One unique tourist structure that presents a deep aspect of the culture of Ghana is the shrine of some traditional areas or ethic groups in the society. There are countless shrines across the countries. Basically there are more than 1,000 shrines in the country and is it believed that every region’s ethnic group has a shrine for the family as well as the societal shrine.
These shrines are seen as lesser gods and are highly regarded as a deity that protects the family or community and as such it should be consulted for power, support and protection. With the advancement in Christianity and other religion in the society some people are neglecting the shrines. Shrines are no less attractive to local people, as well less patronage by foreign tourist.
One of such shrines is Mankessim Base Posuban in the Central Region unique to Ghana’s central coastal region. It is one of the towns well known for its busy market and Posuban Shrine. Posubans, are elaborate concrete shrines in the urban areas of Fante settlements. The word “posuban” is a combination of the corrupted form of the English word “post” that is “posu” and the word “ban” meaning a fortification. A “posuban” is the religious center of an ASAFO company.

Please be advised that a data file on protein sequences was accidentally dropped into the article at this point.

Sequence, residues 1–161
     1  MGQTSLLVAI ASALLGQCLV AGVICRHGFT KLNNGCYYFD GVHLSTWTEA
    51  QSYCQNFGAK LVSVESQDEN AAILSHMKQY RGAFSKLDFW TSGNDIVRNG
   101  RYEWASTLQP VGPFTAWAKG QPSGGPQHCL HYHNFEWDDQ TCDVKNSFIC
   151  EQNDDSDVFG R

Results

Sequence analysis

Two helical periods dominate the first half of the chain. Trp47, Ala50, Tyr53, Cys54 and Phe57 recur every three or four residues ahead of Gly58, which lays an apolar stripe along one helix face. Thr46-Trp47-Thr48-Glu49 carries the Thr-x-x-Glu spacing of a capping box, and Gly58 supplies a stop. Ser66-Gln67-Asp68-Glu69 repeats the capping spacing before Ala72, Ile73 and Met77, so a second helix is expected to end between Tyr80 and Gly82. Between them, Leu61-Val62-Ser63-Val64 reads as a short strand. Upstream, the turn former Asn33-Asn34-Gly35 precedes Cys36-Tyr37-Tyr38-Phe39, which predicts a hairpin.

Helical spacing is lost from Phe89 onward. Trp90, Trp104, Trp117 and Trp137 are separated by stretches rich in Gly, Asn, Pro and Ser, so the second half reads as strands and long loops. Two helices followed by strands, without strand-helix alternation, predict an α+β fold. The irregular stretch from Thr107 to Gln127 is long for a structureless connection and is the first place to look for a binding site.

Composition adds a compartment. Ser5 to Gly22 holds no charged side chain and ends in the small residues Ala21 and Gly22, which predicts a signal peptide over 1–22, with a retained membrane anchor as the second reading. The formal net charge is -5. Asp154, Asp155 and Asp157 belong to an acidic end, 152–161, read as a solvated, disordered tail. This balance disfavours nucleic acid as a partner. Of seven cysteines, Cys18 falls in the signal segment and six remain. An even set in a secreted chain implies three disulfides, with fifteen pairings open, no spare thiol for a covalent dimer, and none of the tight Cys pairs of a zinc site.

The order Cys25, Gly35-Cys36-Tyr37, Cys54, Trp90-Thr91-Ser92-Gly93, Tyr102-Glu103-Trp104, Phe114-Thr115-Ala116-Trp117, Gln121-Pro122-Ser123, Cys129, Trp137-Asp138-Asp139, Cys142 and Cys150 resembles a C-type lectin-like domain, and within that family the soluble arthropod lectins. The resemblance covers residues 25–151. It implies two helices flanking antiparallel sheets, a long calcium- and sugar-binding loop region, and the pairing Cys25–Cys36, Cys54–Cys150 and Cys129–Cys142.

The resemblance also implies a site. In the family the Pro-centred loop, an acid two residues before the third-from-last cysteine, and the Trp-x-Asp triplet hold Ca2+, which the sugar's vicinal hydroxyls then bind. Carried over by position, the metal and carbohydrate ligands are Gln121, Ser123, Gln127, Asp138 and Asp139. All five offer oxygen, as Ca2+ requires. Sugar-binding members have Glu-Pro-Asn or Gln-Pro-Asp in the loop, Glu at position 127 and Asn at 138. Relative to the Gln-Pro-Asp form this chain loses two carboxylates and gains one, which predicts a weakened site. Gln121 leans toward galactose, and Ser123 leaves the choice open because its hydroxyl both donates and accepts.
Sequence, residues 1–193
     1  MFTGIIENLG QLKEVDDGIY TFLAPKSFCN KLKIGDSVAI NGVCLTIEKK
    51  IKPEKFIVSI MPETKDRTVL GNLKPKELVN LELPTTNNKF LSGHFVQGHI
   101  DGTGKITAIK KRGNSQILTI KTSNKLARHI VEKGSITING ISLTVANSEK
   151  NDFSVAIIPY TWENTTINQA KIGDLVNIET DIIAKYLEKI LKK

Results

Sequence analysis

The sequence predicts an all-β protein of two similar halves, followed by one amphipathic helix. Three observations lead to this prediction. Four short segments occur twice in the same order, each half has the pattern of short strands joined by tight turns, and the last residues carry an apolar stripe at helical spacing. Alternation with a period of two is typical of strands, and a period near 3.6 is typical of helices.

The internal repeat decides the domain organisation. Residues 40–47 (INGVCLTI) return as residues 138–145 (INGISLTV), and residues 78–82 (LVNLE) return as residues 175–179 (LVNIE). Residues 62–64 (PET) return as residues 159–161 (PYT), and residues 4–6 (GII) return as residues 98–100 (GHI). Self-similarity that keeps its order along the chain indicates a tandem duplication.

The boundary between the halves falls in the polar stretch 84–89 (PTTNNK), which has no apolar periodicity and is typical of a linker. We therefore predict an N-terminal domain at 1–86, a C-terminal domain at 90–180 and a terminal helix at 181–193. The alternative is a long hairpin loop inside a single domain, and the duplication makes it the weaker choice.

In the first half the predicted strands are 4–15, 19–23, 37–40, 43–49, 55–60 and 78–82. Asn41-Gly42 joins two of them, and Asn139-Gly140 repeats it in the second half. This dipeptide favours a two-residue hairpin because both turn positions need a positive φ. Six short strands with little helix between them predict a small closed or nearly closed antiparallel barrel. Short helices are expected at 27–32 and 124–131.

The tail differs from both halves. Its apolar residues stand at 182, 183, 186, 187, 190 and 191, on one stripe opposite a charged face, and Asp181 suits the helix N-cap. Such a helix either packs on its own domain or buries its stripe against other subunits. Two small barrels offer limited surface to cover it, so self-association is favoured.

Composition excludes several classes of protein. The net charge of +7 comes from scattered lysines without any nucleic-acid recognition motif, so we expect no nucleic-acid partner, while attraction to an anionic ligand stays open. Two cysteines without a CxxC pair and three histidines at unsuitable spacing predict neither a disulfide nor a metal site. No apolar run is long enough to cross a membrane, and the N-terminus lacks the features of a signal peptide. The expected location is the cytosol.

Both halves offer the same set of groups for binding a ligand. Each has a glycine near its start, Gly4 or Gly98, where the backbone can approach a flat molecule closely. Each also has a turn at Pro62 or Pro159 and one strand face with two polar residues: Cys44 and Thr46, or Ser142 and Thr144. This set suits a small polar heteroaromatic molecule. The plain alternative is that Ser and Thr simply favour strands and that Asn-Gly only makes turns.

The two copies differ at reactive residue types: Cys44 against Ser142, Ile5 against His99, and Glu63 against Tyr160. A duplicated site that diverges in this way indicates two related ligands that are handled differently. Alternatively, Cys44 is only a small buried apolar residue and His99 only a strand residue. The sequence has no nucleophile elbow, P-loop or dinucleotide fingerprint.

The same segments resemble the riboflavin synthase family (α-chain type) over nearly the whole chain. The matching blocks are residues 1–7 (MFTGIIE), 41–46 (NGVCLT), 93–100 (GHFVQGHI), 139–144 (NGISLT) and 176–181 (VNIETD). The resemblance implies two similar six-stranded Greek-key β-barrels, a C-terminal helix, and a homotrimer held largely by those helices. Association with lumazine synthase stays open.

In remembrance of the three warriors (Obumankoma, Odapagyan, Oson) and the Gods who led the Fante people during their migration to Mankessim, a Posuban shrine was erected on the 3rd November, 1891 and renovated on 8th September, 1979. This is a wonderful example of how art is used in the daily lives of Ghanaians. These shrines are the work of Asafo companies, the patrillineal military units that are a feature of most Akan societies.
According to research the shrine is one of the unique shrines that even the location and caretaker are of high knowledge about the efficacy of the shrine and its cultural essence. Nevertheless it has been visited impartially to the extent of enormity.
Many posubans originated as storage houses for arms and company regalia. While the actual sites are quite ancient, their present form is probably post-independence. The art, though African, draws on western themes, looking somewhat out of place in traditional Africa. It can be said that these shrines were the local headquarters of traditional militias (Asafo companies) that provided police and other services to the community and also had a big role to play in local politics.
Each of the carvings symbolizes something, usually to do with either religion or how to have power over your enemies. The shrine building was originally a storehouse for weapons, regalia, and other traditional apparatus for specific purposes.